Strapped for new revenue and pressed into waves of cost cuts, the country's largest banks are trying to keep the customers they have, woo the ones they don't and do it all for less. Banks may have a cheap solution. Smartphones let customers deposit checks, pay bills and check their balances without ever stepping into a bank branch. The biggest banks have all spent years developing mobile banking applications, in the hopes that their investment in that technology will eventually pay off. Story by Maria Aspan for American Banker.
Persian Gulf consumers are shifting to debit and prepaid cards from credit cards as regulators tighten rules on bank lending. Transactions by debit cards are increasing twice as fast as credit cards, while prepaid card transactions are growing 8 times faster than debit. Story by Robert Tuttle for Bloomberg.
If you have ever disputed a charge with your debit or credit card company, the card issuer generally takes your word against the merchant or service provider at the outset, restores the money to your bank account temporarily or issues a credit and then goes about its investigation. Every time someone initiates a dispute, the bank that issued the card must look into it and this takes a lot of manual labor. Merchants must carve out time to respond to each dispute. They also pay one-time fees for the privilege and may end up paying higher overall fees to accept cards if disputes are too frequent. They could also get cut off from accepting cards altogether. The true cost per dispute to the banks ranges from $10 to $40. Story by Ron Lieber for The New York Times.
Merchants who accept credit cards issued by Visa and MasterCard are now allowed to add a service charge to the purchase price, which could cost you more to shop with a credit card at some stores. The surcharge is supposed to equal the actual cost of processing the credit card transaction, which is typically 1.5 to 3 percent. Under the agreement, the fee is capped at 4 percent. The surcharge can vary based on the type of card. Wal-Mart, Target, Sears and Home Depot said they have no plans to add a credit-card surcharge. Credit card surcharges are banned by law in 10 states. Visa and MasterCard have rules that require retailers to handle credit cards the same way in all of their stores across the country. Story by Herb Weisbaum for NBC News.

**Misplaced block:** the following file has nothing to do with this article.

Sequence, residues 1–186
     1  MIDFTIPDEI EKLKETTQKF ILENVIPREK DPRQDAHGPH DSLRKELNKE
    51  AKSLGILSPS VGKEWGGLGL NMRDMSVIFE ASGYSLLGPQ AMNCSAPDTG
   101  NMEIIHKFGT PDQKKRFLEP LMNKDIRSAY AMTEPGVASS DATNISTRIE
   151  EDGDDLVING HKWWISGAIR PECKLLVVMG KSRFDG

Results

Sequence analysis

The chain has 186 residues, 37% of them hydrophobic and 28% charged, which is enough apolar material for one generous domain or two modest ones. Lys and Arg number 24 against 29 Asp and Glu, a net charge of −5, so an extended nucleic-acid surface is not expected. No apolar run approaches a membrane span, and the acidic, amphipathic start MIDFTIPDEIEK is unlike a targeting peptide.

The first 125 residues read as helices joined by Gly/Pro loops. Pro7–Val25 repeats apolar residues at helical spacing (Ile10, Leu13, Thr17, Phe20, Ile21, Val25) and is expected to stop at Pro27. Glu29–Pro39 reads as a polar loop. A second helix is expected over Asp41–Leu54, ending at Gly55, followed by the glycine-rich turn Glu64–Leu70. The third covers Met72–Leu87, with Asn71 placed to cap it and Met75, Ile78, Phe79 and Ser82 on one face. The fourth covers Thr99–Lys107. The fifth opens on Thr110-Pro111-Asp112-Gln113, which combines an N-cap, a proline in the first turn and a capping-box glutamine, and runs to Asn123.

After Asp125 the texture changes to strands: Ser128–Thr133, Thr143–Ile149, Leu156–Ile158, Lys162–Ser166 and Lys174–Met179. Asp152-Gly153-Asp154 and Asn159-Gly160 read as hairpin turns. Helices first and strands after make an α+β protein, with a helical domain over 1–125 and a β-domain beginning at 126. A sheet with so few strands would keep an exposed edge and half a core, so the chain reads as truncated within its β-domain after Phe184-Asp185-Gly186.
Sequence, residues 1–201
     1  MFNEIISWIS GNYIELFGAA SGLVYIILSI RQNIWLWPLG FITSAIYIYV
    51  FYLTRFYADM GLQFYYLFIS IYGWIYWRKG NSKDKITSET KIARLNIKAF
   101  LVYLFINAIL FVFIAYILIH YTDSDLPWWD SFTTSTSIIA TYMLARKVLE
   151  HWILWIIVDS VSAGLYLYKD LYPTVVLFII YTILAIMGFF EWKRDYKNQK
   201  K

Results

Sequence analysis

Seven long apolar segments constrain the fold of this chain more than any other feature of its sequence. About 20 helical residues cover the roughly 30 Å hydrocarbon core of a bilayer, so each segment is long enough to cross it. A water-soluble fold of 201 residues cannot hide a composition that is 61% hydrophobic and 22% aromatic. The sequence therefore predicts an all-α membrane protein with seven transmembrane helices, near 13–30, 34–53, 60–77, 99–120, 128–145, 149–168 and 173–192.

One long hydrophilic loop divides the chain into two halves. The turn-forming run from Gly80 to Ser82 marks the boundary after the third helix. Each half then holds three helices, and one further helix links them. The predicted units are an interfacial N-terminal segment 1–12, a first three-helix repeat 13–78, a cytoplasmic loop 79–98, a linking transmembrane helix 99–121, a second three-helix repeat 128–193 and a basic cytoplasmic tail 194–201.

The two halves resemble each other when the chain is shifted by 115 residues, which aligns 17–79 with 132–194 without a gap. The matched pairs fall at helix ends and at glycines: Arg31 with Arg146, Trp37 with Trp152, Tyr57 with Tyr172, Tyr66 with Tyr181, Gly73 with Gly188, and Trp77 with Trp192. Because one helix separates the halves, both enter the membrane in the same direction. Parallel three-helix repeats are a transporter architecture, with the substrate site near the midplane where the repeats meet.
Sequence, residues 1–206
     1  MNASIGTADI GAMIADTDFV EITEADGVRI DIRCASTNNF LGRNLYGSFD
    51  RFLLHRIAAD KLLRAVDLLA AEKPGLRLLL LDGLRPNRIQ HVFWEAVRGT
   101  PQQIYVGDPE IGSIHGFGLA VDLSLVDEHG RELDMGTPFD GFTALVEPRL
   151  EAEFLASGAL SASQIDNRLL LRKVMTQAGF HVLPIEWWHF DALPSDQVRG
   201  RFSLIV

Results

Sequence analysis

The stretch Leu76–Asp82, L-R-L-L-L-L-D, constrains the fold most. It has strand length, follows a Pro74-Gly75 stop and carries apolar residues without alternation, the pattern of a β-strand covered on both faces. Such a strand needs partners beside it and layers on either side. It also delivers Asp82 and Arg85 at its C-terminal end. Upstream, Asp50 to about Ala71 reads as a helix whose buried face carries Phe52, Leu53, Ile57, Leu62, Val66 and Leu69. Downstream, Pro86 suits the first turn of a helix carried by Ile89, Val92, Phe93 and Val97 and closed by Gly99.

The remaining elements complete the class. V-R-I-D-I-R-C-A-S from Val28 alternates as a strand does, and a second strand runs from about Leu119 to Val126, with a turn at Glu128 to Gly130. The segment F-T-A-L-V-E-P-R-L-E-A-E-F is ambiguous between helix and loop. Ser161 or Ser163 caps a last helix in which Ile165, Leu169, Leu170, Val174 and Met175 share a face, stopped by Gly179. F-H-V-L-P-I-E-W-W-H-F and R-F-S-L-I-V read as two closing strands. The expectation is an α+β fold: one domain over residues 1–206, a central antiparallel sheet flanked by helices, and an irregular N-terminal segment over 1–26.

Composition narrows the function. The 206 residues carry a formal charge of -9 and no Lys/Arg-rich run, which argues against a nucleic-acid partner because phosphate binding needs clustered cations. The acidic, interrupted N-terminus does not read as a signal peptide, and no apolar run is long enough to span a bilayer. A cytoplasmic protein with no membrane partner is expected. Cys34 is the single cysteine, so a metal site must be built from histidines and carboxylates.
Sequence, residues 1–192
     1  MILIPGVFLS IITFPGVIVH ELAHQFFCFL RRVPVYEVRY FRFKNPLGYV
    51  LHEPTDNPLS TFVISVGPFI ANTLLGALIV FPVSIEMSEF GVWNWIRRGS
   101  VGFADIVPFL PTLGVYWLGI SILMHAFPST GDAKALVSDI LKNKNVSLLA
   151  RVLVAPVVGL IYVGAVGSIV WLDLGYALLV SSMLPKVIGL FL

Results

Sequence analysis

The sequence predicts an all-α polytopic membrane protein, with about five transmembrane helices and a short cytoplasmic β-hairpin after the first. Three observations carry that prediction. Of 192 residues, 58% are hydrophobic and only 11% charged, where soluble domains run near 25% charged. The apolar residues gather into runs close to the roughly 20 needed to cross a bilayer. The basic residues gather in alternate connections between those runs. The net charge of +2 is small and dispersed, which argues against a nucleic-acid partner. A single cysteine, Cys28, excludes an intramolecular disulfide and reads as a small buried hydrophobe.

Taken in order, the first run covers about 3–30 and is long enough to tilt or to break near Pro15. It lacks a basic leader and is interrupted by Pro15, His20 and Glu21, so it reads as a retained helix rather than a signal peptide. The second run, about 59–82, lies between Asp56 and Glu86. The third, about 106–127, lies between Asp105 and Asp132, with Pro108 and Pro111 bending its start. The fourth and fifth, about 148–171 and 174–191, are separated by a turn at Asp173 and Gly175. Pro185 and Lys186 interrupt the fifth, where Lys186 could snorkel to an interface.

Banks have long complained about the sweeping powers of the Consumer Financial Protection Bureau, but now they are concerned that the agency could be weakened and recent rules declared invalid. This is because a federal appeals court ruled that President Obama's appointments to a national labor panel were unconstitutional because of the way he used the longstanding practice of making recess appointments, which could also affect the appointment of Richard Cordray, director of the CFPB. If a court rules similarly against Cordray, that could invalidate or call into question the agency's rules on mortgages and other consumer matters, causing new headaches for lenders and consumers. Story by Alan Zibel and Michael Crittendon for the Wall Street Journal.
The Equifax credit reporting agency has assembled what may be the most powerful and thorough private database of Americans' personal information ever created through its company called The Work Number. The database contains 190 million employment and salary records covering more than one-third of U.S. adults. Some of the information is sold to debt collectors, financial service companies and other entities. "It's the biggest privacy breach in our time, and it's legal and no one knows it's going on," said Robert Mather, who runs a small employment background company. "It's like a secret CIA." Story by Bob Sullivan for NBC News.
This year, the IRS is tackling a problem that is growing rapidly: tax-related identity theft. This occurs when thieves steal your social security number, file a false tax return and collect your refund. This usually happens early in the filing season, before the legitimate taxpayer files. Tax-related identity theft is growing. According to the latest GAO Report, the IRS identified 47,730 incidents in 2008. That number grew five-fold in three years to 242,142 incidents in 2011. Through just nine months of 2012, there were already 641,690 reports. Thieves greatly outnumber IRS agents and are known to direct multiple fraudulent returns to one address, then change the address when agents catch on. Story by Bill Hardekopf for LowCards.com.
The number of student loans held by subprime borrowers is growing, and more of those loans are delinquent. This is one more sign that a weak job market and rising debt loads are squeezing recent graduates. In the five years through last March, the portion of all student loans that were 90 days or more delinquent rose to 11.4 percent from 8.8 percent. In all, 33 percent of all subprime student loans in repayment were 90 days or more past due in March 2012, up from 24 percent in 2007, according to TransUnion. Story by Ruth Simon and Rachel Louise Ensign for the Wall Street Journal.
Based on the 1000+ cards in the LowCards.com Complete Credit Card Index, the average advertised APR for credit cards is 14.33 percent, slightly above last week’s average of 14.32 percent. Six months ago, the average was 14.34 percent. One year ago, the average was 14.25 percent.